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Endogenous IL-33 exerts CD8+ T cell antitumor responses overcoming pro-tumor effects by regulatory T cells in a colon carcinoma model

Yulong Xia, Tatsukuni Ohno, Naoto Nishii, Arundhati Bhingare, Hidetake Tachinami, Yoshihisa Kashima, Shigenori Nagai, Hirohisa Saito, Susumu Nakae, Miyuki Azuma
Biochemical and biophysical research communications 2019 v.518 no.2 pp. 331-336
CD8-positive T-lymphocytes, chemokines, colorectal neoplasms, dendritic cells, immunotherapy, interleukin-1, models, neutrophils, research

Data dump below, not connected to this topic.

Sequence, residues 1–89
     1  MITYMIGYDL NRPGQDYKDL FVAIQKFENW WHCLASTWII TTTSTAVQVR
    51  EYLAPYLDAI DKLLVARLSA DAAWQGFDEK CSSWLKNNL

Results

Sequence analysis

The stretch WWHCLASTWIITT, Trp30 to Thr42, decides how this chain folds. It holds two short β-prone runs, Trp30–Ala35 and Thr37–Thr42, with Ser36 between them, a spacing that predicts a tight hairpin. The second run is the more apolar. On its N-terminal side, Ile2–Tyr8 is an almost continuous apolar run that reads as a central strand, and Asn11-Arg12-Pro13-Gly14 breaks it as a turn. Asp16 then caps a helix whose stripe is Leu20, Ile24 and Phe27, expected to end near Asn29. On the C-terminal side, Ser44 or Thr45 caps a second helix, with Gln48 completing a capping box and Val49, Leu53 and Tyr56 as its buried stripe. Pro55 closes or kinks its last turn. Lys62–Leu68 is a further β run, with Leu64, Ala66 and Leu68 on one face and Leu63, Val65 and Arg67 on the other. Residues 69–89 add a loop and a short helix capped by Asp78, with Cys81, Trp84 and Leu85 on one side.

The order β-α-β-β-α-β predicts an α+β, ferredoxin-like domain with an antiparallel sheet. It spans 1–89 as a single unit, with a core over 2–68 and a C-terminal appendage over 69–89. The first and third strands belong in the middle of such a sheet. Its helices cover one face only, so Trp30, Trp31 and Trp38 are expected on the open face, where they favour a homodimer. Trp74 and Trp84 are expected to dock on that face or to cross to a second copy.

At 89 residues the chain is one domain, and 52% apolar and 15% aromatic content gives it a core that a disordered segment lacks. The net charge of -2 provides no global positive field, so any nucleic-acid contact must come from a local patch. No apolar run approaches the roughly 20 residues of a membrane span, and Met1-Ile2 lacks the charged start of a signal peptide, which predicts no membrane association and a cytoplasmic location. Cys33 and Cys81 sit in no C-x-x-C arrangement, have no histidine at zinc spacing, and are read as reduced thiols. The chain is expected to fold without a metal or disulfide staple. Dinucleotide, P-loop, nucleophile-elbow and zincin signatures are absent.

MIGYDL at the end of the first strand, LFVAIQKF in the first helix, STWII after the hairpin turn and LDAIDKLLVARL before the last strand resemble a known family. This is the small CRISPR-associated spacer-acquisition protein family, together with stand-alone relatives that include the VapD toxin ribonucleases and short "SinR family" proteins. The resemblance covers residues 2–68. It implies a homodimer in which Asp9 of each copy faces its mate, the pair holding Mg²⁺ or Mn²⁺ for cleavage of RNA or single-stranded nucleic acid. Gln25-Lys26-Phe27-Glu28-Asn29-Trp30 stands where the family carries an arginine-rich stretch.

Interleukin-33 (IL-33) is a nuclear-associated cytokine of the IL-1 family. IL-33 and its receptor ST2 axis exert conflicting anti-tumor and pro-tumor effects in various tumors. In this study, we examined the role of endogenously produced IL-33 in the colon-26 tumor model, in which involvement of the IL-33:ST2 pathway was negligible on the tumor side. We found that the generation of regulatory T cells (Tregs) and CD8+ T cells, and IFN-γ expression by both CD4+ and CD8+ T cells (T cell activation) were impaired in IL-33-deficient mice. Overall antitumor responses, assessed by tumor growth and IFN-γ expression by tumor-infiltrating CD8+ T cells, were also impaired, even after Treg adjustment prior to tumor inoculation. These results indicate that endogenous IL-33 augmented CD8+ T cell-mediated antitumor responses in this colon carcinoma model, with higher CD8+ T cell-infiltration and overcoming pro-tumor effects by increased Tregs. Exogenous application of IL-33 into the tumors did not enhance CD8+ T cell-mediated antitumor responses despite marked elevation of innate responses showing upregulation of proinflammatory cytokine/chemokine expression, neutrophil recruitment, and dendritic cell activation. Our results suggest a dual role for endogenous IL-33 in antitumor responses and suggest that the balance of CD8+ T cells:Tregs in the tumor microenvironment is one of key factors for estimating the contribution of IL-33-mediated antitumor responses. Therefore, the development of IL-33-based cancer immunotherapy may require a target cell-specific approach.